First off, it is always bad to fear things that cannot be controlled. Physibles (data objects that can become physical objects) will become a reality on some level. If it ends up being possible and prevalent to print running shoes, piracy prevention measures will likely be as effective as DRM has been for music and movies. So let's all just calm down about how to stop the technology and think about how to use it.
Second, there isn't much of a reason for manufacturers to fear this new technology. It is crazy to think that it will be cheaper and easier for most users to print a product at home instead of buying it and having it delivered. The best kind of profit to be made is from leveraging high volumes to bring down prices and complexity, then using that margin to recoup development costs. That business model is the reason that electronics manufacturers used to publish full service manuals containing schematics without fear of being undercut. This practice is largely hindered due to increasing costs and the vulnerability from off-shore manufacturers copying the design and competing with the same volumes at lower costs (a big problem, but not related to physibles).
There are, however, some manufacturers that should be shaking in their boots at the notion of people printing parts at home. Companies that try to turn inexpensive ABS plastic parts into a profit center by charging huge margins are all too common. When these companies find their oversized margins demolished by physibles, they can only blame their demise on the fact that they decoupled their income sources from the value they bring to customers.
The last reason manufacturers should not fear physibles is the position of power that they currently hold – a truly unique situation in a truly unique time. They have the benefit of hindsight from how piracy affected the music and movie industry. Media companies tried desperately to hold on to their high-margin boxed media products even though it went against the grain of what the customer really wanted. This only drove potential customers to piracy as the only means of downloading content.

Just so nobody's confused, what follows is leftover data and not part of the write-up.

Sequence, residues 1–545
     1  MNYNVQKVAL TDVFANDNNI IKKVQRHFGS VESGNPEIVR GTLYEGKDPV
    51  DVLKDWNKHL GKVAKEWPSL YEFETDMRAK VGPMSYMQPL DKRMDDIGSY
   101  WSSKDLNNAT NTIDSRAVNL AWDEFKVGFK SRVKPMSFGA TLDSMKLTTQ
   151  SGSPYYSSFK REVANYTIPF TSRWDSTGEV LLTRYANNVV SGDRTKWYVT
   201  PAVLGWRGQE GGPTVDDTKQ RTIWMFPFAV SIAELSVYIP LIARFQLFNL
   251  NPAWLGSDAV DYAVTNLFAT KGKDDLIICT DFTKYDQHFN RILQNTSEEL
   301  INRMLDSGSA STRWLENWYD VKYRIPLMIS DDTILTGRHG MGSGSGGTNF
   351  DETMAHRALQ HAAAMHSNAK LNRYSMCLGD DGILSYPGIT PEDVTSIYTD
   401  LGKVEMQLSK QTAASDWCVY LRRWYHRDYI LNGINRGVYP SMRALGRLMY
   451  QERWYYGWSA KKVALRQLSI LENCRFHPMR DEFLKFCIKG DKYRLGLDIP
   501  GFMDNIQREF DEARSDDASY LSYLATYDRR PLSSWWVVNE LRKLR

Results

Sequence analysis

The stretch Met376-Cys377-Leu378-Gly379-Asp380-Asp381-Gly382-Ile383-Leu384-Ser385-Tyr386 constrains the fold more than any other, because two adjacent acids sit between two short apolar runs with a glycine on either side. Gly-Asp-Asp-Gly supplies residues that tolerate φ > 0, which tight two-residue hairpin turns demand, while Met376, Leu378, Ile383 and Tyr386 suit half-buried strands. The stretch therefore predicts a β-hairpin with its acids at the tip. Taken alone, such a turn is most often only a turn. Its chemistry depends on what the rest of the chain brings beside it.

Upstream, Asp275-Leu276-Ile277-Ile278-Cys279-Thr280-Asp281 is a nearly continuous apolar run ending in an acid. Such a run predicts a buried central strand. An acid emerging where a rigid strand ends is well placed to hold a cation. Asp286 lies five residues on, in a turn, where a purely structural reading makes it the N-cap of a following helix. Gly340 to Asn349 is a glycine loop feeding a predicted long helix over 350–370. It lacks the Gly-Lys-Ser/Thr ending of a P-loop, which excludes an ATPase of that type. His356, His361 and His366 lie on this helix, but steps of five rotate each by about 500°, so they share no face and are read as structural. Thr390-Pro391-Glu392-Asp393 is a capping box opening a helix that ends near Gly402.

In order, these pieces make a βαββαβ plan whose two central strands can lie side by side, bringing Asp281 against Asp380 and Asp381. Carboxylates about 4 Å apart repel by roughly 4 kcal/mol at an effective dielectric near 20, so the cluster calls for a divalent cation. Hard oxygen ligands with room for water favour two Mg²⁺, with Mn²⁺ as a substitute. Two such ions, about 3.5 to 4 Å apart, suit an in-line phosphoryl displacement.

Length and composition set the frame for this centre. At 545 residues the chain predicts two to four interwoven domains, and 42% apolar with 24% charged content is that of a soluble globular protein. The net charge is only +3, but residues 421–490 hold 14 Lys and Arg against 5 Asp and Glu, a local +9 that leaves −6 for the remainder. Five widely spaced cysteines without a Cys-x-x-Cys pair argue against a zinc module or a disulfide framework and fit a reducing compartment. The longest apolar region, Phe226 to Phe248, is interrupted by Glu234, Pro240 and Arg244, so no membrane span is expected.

Now that the digital media dust is settling, companies are finding that there is a large market for digital media that competes on convenience, legal, and moral grounds. But since they left it to others to create an online store offering digital media when the market emerged, Apple and Netflix take a (rather large) piece of the pie. Compare that to where part manufacturers are today. They have the technical drawings, staff, and revenue that can be used to develop a way to offer part information to their customers directly. Selling the physible in an easy, legal, and reasonably priced way while 3D printing technology develops would be revolutionary. The 'factory-direct' approach could allow them to have a price low enough to compete with the free, illegal, and less convenient Pirate Bay. There will certainly be pirates copying the design for free, but it may end up having the same impact shoplifters have on stores; unfortunate, but tolerable.
As with most disruptive technologies, approaching physibles with fear can only be good in the short term. Hopefully the people working hard to invent the next great widget will be paid for the value they create, even if on a totally different business model.